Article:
Knight's record-setter could have been much more

Bob Knight is closing in on victories that will be historic in scope but pyrrhic in nature.

To understand the pyrrhic part, you need to know about "Project 880" at Texas Tech.

Knight, who is now tied with Dean Smith at 879 victories, likely will become the winningest coach in Division I men's college basketball annals during the Red Raiders' ongoing four-game home stand. In hope that people actually will show up to see Knight enter the record books, Tech has been offering $8.80 general admission seats to the four games at United Spirit Arena. And if you buy a lower-level ticket to those games, you can get one upper-level general admission seat for free.

It's not an easy sell. Texas Tech averaged 6,707 fans in its 15,000-seat arena for four of its early home games this season (attendance for Sam Houston State was not listed) before pulling in 11,561 for the record-tying game against Bucknell this past Saturday.

This is the bed Bob Knight made for himself: He'll make history at an out-of-the-way school with no men's basketball heritage in a football state, in front of a house that very well could be less than full. He'll make history in exile, in effect.

Not exactly the moment of glory this could have been.

If it had happened at Assembly Hall in Bloomington, Ind., there would be no need for sales promotions to fill seats. And it could have happened at Assembly Hall, if ...

This is what the story would be today if Knight had ever confronted and overcome his greatest flaw, uncontrollable anger:

    The approaching milestone will be downplayed, as usual. Indiana University coach Bob Knight isn't about to make a big deal about this, his impending 1,000th career victory as a college basketball coach.

    Knight blew away Dean Smith's record of 879 wins years ago, and he wouldn't cater to a coronation then. Putting the record out of sight now should produce a similar reaction.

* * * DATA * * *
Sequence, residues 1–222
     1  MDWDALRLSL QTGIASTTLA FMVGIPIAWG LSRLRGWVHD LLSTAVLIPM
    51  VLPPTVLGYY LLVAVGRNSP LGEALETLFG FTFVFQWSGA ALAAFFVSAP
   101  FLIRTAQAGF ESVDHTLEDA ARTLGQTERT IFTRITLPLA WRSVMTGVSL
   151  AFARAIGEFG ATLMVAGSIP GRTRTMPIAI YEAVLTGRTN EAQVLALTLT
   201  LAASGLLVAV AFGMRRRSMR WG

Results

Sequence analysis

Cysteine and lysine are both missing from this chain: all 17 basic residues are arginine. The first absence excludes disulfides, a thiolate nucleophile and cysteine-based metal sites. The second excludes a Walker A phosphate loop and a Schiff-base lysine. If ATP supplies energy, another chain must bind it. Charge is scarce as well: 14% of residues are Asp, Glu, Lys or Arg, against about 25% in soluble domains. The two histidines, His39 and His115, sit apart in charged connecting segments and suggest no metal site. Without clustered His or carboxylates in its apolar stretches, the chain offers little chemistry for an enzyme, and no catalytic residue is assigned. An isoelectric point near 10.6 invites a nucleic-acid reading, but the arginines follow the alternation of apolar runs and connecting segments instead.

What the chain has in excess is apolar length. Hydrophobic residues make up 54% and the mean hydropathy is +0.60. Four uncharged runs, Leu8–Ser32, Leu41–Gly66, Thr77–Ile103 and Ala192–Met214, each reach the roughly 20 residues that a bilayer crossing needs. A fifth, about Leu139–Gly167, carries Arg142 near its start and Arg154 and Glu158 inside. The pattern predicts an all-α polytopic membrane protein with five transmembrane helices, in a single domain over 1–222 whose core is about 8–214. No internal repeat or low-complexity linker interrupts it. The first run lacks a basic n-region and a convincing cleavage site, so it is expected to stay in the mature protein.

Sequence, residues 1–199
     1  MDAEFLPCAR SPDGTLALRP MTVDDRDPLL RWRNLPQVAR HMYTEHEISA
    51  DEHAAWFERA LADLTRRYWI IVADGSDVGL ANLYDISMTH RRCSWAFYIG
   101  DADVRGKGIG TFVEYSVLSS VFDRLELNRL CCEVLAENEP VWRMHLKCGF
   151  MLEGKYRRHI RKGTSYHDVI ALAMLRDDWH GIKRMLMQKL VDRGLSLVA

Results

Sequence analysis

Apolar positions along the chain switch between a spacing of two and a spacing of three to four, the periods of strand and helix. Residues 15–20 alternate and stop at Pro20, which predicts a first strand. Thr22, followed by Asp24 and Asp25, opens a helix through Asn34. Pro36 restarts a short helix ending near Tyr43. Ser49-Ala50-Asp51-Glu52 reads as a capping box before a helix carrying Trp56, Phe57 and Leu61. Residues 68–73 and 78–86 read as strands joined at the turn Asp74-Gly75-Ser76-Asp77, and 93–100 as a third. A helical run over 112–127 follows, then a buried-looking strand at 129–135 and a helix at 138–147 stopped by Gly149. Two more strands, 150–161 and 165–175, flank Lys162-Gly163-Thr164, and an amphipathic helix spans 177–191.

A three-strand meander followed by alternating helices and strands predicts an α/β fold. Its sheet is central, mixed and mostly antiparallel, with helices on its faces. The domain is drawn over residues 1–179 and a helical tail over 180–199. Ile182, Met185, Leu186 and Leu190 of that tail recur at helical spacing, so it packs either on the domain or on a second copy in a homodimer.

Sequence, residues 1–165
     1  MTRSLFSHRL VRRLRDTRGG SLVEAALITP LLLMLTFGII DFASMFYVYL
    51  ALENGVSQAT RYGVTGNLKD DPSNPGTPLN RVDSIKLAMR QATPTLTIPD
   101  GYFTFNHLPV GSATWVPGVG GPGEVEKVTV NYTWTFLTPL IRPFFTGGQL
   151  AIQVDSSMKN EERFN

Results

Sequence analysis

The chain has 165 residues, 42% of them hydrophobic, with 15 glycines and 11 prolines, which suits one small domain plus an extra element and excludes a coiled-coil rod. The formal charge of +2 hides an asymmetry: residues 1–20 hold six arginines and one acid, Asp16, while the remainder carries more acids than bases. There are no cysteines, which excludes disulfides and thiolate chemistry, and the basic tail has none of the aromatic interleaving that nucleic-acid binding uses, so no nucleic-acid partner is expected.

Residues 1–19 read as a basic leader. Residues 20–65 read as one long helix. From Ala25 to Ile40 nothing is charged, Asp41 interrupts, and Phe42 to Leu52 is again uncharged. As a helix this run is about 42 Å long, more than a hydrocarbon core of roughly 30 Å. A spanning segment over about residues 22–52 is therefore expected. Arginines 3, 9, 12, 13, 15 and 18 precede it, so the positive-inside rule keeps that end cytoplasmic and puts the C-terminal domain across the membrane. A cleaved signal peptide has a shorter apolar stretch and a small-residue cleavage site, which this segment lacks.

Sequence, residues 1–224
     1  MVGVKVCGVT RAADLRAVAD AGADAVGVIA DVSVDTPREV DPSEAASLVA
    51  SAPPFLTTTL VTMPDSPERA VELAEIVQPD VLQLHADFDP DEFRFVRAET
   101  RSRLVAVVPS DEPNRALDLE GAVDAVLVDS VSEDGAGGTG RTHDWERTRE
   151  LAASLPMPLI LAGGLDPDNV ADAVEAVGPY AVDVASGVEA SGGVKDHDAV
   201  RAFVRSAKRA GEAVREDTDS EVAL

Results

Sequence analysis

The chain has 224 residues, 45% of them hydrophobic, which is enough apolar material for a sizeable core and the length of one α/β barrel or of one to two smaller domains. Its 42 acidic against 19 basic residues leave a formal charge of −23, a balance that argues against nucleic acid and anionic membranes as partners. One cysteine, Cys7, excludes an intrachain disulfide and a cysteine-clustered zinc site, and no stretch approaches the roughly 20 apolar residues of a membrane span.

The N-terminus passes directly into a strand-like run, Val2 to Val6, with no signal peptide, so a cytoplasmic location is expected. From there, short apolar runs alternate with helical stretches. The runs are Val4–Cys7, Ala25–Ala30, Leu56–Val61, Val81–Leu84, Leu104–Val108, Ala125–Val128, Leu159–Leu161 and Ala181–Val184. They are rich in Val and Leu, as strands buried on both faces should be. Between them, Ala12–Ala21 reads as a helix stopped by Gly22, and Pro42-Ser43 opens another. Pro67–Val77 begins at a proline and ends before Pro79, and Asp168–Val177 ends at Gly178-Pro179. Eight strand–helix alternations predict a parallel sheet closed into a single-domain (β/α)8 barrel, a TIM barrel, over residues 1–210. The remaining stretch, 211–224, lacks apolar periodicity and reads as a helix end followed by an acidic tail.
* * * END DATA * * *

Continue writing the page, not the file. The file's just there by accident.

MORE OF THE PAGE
The General saves most of his excitement for national titles.

    Some people wondered whether Knight had lost it after he won his fourth national title in 1993, with Eric Montross and Calbert Cheaney forming an overpowering inside-outside combination for the Hoosiers. But after a few lean years, he signed Indianapolis point guard Jason Gardner and Indiana staged a revival.

    Behind Gardner and Jared Jeffries, the Hoosiers made the Final Four in 2001 and again in '02. Then Knight won his fifth title as coach at Indiana two years ago, riding second-generation Indiana star Sean May to a championship-game victory over North Carolina. (That gave the Hoosiers seven national titles and kept Carolina stuck at three, the last coming in 1982.)

    After Knight passed Smith they named the Assembly Hall court in his honor. Now, he might have his best team since the unbeaten 1976 national champs.

    With homegrown products Greg Oden, Josh McRoberts, Dominic James and Mike Conley Jr. leading the way, the No. 1 Hoosiers are heavy favorites to give The General championship No. 6 in Atlanta come April.

    That would give Knight twice as many titles as his former protégé, Mike Krzyzewski, and would put him more than halfway to John Wooden. There's no way he coaches long enough to catch The Wizard, but you can argue that he's accomplished more at a time when the competition is greater.

    Knight could walk away into the sunset after hitting 1,000 wins and capturing another national title, but he doesn't have to. The adoring people of Indiana will let BK stay as long as he wants.

    It didn't always look like it would go this way.

    There was a time when Knight backers feared his toxic temper would undermine his career and cut short his time at Indiana. Ever since he threw the chair across the court against Purdue and was confronted by his superiors, the controversies have disappeared. After receiving counseling for his anger problem some 20 years ago, Knight has been known for only one thing: incredible success.

    The rage that once undercut his coaching brilliance, chased recruits away and threatened to divide an entire state is no longer evident. He's still an old-school tough guy, just not an abusive old-school tough guy.

    As such, Knight has become the basketball version of Joe Paterno: a universally admired institution at his school. He's widely recognized as the game's greatest statesman – a guy who does things the right way, doesn't cut corners and keeps on winning.

    Now he can finish his career in a perfect spot: in a state where basketball is a religion and Knight is its high priest.

… That's the way the story could have been written, the way the career could have gone. Bob Knight could have been a hero to a state that cares and to a sport that needs one.

Instead he'll set the record in exile and amid the usual conflicting emotions and opinions that swirl around the man. It will be a victorious moment, but a pyrrhic moment as well.

Pat Forde is a senior writer for ESPN.com. He can be reached at ESPN4D@aol.com.